Finally, Santos make up the Brazilians in the tournament and last year’s winners will be among the favourites for the final this year.  However, their task has been made that little bit harder after once again succumbing to the Bolivian altitude, losing 2-1 to surprise package Bolivar.  Santos lost to The Strongest in the opening game of the tournament and suffered again in La Paz.  Bolivar are the first Bolivian team to make it past the group stages in 12 years and under Argentine coach Guillermo Hoyos have played some nice attacking football and have a penchant for a long range ping.  Will they be able to take another scalp?

Santos do have a vital away goal – so important in a competition where huge distances and differences in altitude play a massive part – and Neymar and co. should be too strong at home for the plucky Bolivians.  Therefore, there is a distinct possibility of four Brazilian sides still in the competition at the quarter-finals.

There are, however, a number of other big sides hoping to spoil the party for the Brazilian giants.

Boca Juniors will be aiming for their seventh Libertadores title and currently lead Union Espanola 2-1 after a dramatic last minute winner from Santiago Silva on Wednesday.  The game is still delicately poised but Boca will expect to progress to the next round where they could potentially set up a rematch against group rivals Fluminense.

Fellow Argentine outfit Velez Sarsfield also have one foot in the quarters, after Ivan Bella scored in an impressive 1-0 away victory against the one remaining Colombian team Atletico Nacional.  There is still all to play for and in Dorlan Pabon, with seven goals already to his name, At. Nacional possess one of the revelations of the Libertadores and the attack-minded Verdolaga will throw everything they have at Velez.  Easily two of the most watchable sides in the competition it should be a great encounter, with an equally exciting quarter final tie against Santos a potentially awaiting them.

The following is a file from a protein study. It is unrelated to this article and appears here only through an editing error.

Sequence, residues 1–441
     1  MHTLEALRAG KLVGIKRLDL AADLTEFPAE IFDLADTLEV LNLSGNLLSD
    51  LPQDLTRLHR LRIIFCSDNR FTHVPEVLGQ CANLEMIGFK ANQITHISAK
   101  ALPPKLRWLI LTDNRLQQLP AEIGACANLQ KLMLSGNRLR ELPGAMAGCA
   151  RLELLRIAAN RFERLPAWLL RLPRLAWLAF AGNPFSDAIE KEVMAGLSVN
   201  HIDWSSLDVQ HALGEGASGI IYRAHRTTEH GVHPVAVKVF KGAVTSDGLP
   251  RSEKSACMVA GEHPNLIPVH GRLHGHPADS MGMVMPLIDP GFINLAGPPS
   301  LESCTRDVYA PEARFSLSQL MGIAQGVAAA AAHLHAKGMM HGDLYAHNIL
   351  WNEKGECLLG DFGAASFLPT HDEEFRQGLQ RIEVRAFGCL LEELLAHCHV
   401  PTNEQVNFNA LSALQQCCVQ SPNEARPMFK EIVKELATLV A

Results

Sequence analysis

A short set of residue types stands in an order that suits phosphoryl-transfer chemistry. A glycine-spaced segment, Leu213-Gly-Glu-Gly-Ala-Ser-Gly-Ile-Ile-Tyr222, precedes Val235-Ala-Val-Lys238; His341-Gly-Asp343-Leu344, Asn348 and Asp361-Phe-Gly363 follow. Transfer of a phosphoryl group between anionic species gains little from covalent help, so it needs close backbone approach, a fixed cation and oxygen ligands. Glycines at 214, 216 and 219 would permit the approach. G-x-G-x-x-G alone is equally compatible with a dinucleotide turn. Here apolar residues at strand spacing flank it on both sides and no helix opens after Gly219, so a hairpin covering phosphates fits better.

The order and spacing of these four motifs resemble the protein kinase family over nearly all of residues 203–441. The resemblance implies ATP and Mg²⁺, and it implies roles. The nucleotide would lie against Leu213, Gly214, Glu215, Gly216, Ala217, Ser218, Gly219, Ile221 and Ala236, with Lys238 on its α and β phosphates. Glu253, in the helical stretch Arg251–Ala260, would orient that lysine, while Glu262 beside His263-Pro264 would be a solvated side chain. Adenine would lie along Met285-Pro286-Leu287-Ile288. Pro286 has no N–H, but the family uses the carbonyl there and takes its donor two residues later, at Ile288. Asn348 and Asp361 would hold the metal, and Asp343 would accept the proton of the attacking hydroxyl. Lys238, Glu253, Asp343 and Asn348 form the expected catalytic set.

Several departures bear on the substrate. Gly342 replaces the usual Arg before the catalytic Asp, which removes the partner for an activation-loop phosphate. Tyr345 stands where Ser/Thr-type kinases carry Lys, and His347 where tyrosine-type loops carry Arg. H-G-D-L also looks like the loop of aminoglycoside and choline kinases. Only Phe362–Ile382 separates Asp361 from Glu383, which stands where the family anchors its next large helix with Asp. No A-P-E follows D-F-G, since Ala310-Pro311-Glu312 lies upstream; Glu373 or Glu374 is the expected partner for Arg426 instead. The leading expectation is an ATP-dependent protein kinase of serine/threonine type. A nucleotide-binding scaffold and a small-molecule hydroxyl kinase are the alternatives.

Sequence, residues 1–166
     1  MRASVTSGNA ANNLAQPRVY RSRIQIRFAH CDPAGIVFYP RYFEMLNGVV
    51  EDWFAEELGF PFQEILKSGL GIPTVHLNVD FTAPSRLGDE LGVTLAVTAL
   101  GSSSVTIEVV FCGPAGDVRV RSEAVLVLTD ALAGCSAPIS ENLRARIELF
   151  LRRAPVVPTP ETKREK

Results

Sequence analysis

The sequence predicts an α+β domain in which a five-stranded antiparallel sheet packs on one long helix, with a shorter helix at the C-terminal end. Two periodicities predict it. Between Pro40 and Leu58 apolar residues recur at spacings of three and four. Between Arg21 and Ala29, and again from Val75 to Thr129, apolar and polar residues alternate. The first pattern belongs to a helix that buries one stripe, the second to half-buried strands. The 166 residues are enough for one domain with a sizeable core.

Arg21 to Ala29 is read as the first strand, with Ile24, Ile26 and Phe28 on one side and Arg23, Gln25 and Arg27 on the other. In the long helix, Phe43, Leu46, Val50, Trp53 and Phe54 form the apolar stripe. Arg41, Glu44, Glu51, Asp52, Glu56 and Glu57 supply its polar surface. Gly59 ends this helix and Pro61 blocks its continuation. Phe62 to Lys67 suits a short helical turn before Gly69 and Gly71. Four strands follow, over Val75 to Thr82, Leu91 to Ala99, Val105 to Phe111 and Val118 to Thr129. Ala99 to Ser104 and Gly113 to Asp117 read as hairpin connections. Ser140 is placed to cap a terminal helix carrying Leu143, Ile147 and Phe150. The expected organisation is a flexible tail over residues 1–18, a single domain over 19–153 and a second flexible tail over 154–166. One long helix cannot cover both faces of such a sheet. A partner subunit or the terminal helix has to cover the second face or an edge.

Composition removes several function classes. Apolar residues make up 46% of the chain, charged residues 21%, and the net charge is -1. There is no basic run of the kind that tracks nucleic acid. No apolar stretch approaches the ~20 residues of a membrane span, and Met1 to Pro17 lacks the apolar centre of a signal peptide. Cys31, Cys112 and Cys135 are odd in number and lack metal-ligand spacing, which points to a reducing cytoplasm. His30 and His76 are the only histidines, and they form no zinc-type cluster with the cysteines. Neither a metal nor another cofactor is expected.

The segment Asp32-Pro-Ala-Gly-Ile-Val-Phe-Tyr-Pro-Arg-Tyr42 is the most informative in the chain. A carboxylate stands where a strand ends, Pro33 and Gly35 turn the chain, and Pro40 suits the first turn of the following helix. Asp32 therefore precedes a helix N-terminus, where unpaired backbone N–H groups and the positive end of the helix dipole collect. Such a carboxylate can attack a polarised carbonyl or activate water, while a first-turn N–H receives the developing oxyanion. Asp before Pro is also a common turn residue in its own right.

Another of the top favourites, Universidad de Chile, are on the verge of crashing out after a 4-1 loss against Deportivo Quito.  La U are usually an absolute joy to watch and many would have fancied them to at least reach the semi-finals, but a brace from top scorer Matias Alustiza and one apiece from Luis Checa and Neymar look alike Fidel Martinez showed that Quito should not be underestimated.  The Chileans will have to be at their sparkling best if they are to stage an incredible turn around.

The winner of that tie would face the victor of Paraguayan side Libertad and Mexicans Cruz Azul.  After a 1-1 draw in the Mexican capital, Libertad will start the return leg as slight favourites being on home soil and with an away goal to their name.

Ahead of next week’s second legs there remains a strong Brazilian presence in the Libertadores and it wouldn’t be surprising to see one of them reach the final.  There has been a Brazilian team in all but one of the finals since 2000, Once Caldas beating Boca in 2004 being the only anomaly.

However, those 12 years have yielded just four winners and so it is by no means a given that the trophy will reside in the home of Samba for a third consecutive year.  With the likes of Boca, Velez, Quito and Univerisdad de Chile still in the tournament for now there are plenty of teams who can challenge for the title.  Whatever happens though, the one certainty is that will be plenty of drama right up until the final in July.